Friday, April 23, 2010

Sutra 1.14

sutra 1:14

sa tu dirgha kala nairantarya sat karada seveto dridha bhumih

It is only when the correct practice is followed for a long time, without interruptions and with a quality of positive attitude and eagerness, that it can succeed.

This can be a daunting sutra: Practice yoga without interruption? You know how it is. Stuff comes up. It's Sunday morning and you were out late. Had a glass or two of wine. It's Monday. Monday blues can make you just want to go home after work. Tuesday—well Tuesday nights LOST is on. Maybe Wednesday, but your back kinda hurts. Thursday is really the new Friday and that means it's either time to collapse or go out and get the weekend started. Friday? They should really just call Friday, Saturday. And then there's Saturday which is...well Saturday is practically a holy day.
Not to fear; you've just had a very consistent practice of not practicing. And it's OK!

When I was in the early stages of my practice, I essentially replaced one addiction for drugs and alcohol with one for asana practice and yoga. Most people would agree that the exchange was better than a lateral move. As I first ventured into the Yoga Sutras I read them all quite literally and felt that Sutra 1.14 was something I should aspire to do. I became fanatical about my practice which at the time consisted of grueling hours of asana (see sutra 1.12) all completed before the sun had risen. I lead a minimal life and everything I did revolved around my practice. The only problem was that I had become a superior shit-head. Sure I was "doing" yoga everyday. Ridiculous amounts of yoga. And when I wasn't "doing" yoga I was teaching yoga. Or talking about yoga. Or talking about someone who did yoga. I felt certain in my complete immersion, despite the fact that I was an unholy bore.

It wasn't until I got pregnant that my whole understanding was forcibly changed. I happen to have been one of those pregnant women who barfed at the mere suggestion of a smell. I once walked through Oakland's Chinatown and was rendered helpless by the gag reflex. I taught yoga in a very, very hot, sweaty room with young folk who thought bathing was a bourgeois luxury. And while I tried as hard as I could to practice and teach, there was nothing about yoga that didn't want to make me puke.

It got so bad I actually had to close my little San Francisco yoga school, Ahimsa, because I was the practically sole teacher and was incapacitated for nearly the whole pregnancy by nausea. When I tried to begin my practice at home doing the "series" I would be sent into a tailspin that needs no elaboration except that I will say that I once barfed because I laughed too hard. Ask David.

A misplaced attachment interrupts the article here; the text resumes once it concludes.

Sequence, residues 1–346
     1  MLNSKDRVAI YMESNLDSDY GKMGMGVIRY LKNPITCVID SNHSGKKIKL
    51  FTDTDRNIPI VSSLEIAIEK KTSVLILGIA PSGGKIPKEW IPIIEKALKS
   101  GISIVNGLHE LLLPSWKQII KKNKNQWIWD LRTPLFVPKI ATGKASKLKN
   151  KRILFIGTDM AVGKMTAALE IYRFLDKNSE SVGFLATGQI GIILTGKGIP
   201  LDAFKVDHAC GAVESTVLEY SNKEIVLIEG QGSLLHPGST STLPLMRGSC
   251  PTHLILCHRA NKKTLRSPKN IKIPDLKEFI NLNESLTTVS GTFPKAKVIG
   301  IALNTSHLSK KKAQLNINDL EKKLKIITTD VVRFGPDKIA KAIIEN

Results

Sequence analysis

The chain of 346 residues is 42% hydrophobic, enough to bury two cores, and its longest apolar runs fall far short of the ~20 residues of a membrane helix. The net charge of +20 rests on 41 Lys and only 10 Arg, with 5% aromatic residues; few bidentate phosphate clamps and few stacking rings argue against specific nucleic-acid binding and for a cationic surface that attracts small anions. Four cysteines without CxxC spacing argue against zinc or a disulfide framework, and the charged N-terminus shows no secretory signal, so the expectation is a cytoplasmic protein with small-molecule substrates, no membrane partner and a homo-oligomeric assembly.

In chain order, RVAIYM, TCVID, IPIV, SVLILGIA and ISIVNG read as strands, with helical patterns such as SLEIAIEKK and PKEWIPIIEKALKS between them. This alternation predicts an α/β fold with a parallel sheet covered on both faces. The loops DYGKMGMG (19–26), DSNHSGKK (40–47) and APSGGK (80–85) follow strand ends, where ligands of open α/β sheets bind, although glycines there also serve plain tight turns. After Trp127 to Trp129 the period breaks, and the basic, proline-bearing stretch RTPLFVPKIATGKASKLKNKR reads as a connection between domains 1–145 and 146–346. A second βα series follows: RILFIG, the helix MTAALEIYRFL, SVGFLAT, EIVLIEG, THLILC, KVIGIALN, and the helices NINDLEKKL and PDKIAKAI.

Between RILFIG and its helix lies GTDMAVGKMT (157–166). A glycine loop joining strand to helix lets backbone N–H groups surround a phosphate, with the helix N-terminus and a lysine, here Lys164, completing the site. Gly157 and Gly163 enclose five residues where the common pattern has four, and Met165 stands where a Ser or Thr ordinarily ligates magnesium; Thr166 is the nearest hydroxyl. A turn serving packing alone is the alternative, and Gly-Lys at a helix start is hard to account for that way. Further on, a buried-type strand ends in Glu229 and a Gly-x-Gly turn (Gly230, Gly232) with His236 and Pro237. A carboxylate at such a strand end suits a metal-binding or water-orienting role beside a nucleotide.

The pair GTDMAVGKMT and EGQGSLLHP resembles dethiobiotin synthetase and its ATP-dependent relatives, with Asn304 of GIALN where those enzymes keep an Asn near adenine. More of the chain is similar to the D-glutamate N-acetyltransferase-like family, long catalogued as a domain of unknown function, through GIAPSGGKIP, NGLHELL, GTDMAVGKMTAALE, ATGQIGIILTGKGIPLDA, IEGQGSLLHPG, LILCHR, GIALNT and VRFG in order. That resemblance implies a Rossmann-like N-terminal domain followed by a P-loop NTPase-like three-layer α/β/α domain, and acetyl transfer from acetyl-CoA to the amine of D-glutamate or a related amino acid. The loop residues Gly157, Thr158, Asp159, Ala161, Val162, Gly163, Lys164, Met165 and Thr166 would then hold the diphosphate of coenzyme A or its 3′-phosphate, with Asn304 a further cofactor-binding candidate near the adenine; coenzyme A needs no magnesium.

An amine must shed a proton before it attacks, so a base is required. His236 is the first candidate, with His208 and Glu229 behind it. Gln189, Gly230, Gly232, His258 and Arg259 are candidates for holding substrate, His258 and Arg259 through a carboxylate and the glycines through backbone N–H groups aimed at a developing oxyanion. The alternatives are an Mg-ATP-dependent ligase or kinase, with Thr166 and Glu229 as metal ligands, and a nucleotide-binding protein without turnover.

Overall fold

Not only was I freaked out by a nausea that consumed me day and night, but I could not rely on the sole practice that had sustained me through ten years of sobriety and community. I simply could not "do" yoga. I turned to the Yoga Sutras and this time I had to stop at Sutra 1:14 and really think about what I was going to do. I realized I was just going to have to "practice" being pregnant. Little did I know that the nine months of practice only barely warmed me up for parenting.

I will freely admit today that I do not practice asana each and every day. Nor do I practice pranayama each and every day. I do practice asana, but it is not at the heart of my daily Yoga. I do not have a ritual practice in front of an altar nor do I bow to a deity or a stone or the moon with any kind of regularity. However I will say that my practice has never been stronger, steadier or more fulfilling.

What I do bow to, without interruption and with a great deal of cheer, are my family, my friends and my students. I am surrounded every moment by the opportunity to rise to the practice and apply Yoga. I can be called on to "do" Yoga as I toil over the countless meals I prepare, even when I know the lunchbox may come home exactly as I packed it. I can be called on to "do" Yoga as I help a student manage a difficult posture. I am called on to "do" Yoga as I plow through a pile of laundry that resembles the Matterhorn and I am called on to "do" Yoga as I admire my girls and David—recognizing them as spirits of divine presence in my very own living room playing dominoes as Lucy shouts: "You'll eat my dust!" And you know, I would eat her dust, I would wash her feet, and bow to her divine essence. And I do bow deeply, everyday with religious regularity as I walk in Misha and Lucy's room at 6:50 AM and sing: "Good morning! Good morning! It's great to stay up late!"

What does the word "practice" mean to you?

How does your practice influence your daily life?

How do you think you can maintain a practice?

How do you keep going with your practice when you don't feel cheerful about it or inspired by it?


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Anonymous said...

I love this post about 1.14, pregnancy, practice, teaching and family life. Thanks for your thoughts. Are you carrying on with this sutra study? hope so!